The European Union's foreign-policy chief says she is optimistic that U.S. President Donald Trump's administration will remain committed to the terms of the Iran nuclear deal following her talks with top officials in Washington.
Federica Mogherini made the comments on February 10 following her meetings at the White House and the State Department, where she said she also discussed Russia with Trump administration officials.
Trump has repeatedly blasted the landmark deal between Iran and world powers that restricts Tehran's nuclear activities in exchange for some sanctions relief.
During his presidential campaign he called it "one of the worst deals we have ever made," but he has sent mixed messages about how he would approach the accord. At times he has said he would "dismantle" it, though he has also said he would "renegotiate" the terms.
Mogherini said discussions on the Iran deal were the main objective of her visit to Washington and that she was pleased with the discussions.
"I was reassured by what I heard in the meetings on the intention to stick to the full implementation of the agreement," Mogherini told reporters on February 10.
In her discussions with Trump administration officials about Russia, the two sides agreed that Moscow should abide by the terms of a 2015 cease-fire deal, known as the Minsk agreement, aimed at ending the fighting between Kyiv's forces and Russia-backed separatists in eastern Ukraine.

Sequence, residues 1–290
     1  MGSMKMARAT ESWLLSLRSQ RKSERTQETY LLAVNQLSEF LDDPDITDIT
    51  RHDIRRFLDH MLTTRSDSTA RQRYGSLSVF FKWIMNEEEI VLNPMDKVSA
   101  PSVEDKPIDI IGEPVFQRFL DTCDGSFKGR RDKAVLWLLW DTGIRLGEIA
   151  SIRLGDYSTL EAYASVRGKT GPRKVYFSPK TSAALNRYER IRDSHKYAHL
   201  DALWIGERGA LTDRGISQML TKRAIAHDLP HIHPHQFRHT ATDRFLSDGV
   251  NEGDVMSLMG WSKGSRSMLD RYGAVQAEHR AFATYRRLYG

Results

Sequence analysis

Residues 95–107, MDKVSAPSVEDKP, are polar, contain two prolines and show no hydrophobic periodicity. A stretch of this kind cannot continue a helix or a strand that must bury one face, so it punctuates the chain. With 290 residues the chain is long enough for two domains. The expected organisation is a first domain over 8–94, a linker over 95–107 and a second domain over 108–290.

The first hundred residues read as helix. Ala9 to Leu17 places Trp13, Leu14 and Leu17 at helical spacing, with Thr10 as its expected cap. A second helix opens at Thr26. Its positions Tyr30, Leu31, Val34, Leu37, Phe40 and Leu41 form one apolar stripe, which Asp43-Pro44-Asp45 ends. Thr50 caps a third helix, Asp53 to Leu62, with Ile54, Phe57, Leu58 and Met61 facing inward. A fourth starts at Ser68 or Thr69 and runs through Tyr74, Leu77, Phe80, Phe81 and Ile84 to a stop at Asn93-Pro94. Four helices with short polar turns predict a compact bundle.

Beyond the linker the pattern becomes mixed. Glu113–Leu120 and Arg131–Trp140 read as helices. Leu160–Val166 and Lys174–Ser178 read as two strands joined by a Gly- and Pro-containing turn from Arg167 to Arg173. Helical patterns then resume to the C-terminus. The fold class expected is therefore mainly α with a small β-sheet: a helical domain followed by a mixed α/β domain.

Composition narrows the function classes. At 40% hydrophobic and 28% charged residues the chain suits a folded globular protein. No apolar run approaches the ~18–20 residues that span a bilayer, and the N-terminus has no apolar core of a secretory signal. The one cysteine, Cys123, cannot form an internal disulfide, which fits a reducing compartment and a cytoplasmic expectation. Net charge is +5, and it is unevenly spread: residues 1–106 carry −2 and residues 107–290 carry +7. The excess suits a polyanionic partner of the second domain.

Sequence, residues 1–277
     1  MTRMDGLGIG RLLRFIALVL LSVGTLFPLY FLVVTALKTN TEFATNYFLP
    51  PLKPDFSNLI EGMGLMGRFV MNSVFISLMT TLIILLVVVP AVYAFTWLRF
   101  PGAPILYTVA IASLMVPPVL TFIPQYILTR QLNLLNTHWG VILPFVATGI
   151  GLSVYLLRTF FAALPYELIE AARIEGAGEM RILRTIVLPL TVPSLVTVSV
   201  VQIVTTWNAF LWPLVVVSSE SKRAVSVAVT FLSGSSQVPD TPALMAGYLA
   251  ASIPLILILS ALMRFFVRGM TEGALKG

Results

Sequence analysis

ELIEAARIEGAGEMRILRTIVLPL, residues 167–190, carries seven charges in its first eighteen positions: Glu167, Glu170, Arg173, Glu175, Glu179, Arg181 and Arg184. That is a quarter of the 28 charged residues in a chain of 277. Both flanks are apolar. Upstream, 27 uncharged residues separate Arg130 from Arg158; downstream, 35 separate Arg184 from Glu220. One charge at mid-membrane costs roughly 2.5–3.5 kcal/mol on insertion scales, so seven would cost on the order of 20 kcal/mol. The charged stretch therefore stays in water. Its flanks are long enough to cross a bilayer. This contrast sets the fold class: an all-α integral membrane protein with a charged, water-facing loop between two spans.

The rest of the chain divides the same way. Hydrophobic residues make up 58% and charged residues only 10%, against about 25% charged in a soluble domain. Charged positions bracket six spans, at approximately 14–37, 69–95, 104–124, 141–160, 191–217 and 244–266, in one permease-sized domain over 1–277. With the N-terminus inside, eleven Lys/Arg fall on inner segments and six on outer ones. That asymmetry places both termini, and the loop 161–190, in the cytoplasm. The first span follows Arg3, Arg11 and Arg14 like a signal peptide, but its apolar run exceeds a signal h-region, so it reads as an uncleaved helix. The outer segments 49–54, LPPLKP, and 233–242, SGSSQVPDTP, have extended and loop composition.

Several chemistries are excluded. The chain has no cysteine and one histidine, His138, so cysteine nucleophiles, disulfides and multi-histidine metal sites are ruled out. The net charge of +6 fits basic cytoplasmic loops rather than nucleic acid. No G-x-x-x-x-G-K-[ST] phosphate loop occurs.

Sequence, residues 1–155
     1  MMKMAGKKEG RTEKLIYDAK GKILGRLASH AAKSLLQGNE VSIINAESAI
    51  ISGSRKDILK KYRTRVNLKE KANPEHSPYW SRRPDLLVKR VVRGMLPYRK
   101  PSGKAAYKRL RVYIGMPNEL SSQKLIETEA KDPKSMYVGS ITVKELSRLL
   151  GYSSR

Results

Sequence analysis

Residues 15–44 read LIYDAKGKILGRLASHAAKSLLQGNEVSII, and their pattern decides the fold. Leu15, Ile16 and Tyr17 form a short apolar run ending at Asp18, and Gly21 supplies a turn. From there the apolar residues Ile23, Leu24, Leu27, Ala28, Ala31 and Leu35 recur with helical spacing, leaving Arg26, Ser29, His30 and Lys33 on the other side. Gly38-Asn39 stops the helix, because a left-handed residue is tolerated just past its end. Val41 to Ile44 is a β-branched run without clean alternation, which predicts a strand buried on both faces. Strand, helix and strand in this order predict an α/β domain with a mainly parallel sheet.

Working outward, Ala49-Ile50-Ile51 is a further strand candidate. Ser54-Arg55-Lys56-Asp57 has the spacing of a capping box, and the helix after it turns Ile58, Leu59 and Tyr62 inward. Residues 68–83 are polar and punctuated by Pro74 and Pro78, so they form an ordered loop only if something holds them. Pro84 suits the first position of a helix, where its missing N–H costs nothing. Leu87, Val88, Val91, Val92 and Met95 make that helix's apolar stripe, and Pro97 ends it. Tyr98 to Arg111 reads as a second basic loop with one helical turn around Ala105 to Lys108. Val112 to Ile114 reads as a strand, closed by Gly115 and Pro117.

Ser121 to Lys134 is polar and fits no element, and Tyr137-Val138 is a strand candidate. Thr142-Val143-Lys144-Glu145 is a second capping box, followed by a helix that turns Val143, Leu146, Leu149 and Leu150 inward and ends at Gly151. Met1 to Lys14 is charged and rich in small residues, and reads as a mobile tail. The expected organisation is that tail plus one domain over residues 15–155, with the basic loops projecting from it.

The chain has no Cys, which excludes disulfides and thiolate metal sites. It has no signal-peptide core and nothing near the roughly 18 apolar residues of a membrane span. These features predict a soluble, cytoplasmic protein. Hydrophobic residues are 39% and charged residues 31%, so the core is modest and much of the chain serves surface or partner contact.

More than 9,750 people have died in the conflict since April 2014.
The EU, United States, and other states imposed sanctions on Russia over the conflict, as well as for its annexation of Ukraine's Crimean Peninsula in March 2014.
"We agreed on the need to have full implementation of the Minsk agreement and that sanctions are linked to the full implementation of the agreement," Mogherini said.
Trump's positive words about Russian President Vladimir Putin and his stated desire for better relations with Moscow have triggered concerns among U.S. politicians on both sides of the aisle -- and among U.S. allies in Europe -- about his commitment to supporting Ukraine.
The new U.S. ambassador to the United Nations, Nikki Haley, last week expressed "strong condemnation of Russia's actions" in eastern Ukraine and said that "Crimea-related sanctions will remain in place until Russia returns control of the peninsula to Ukraine."
It was not clear whether Haley was also referring to sanctions imposed on Russia for its backing of separatists in eastern Ukraine.
Asked about sanctions at a February 8 news briefing in Washington, White House spokesman Sean Spicer referred to Haley’s comments.
"With respect to the sanctions that specifically deal with Ukraine and Crimea, I think Ambassador Haley has spoken very, very clearly about that," he said.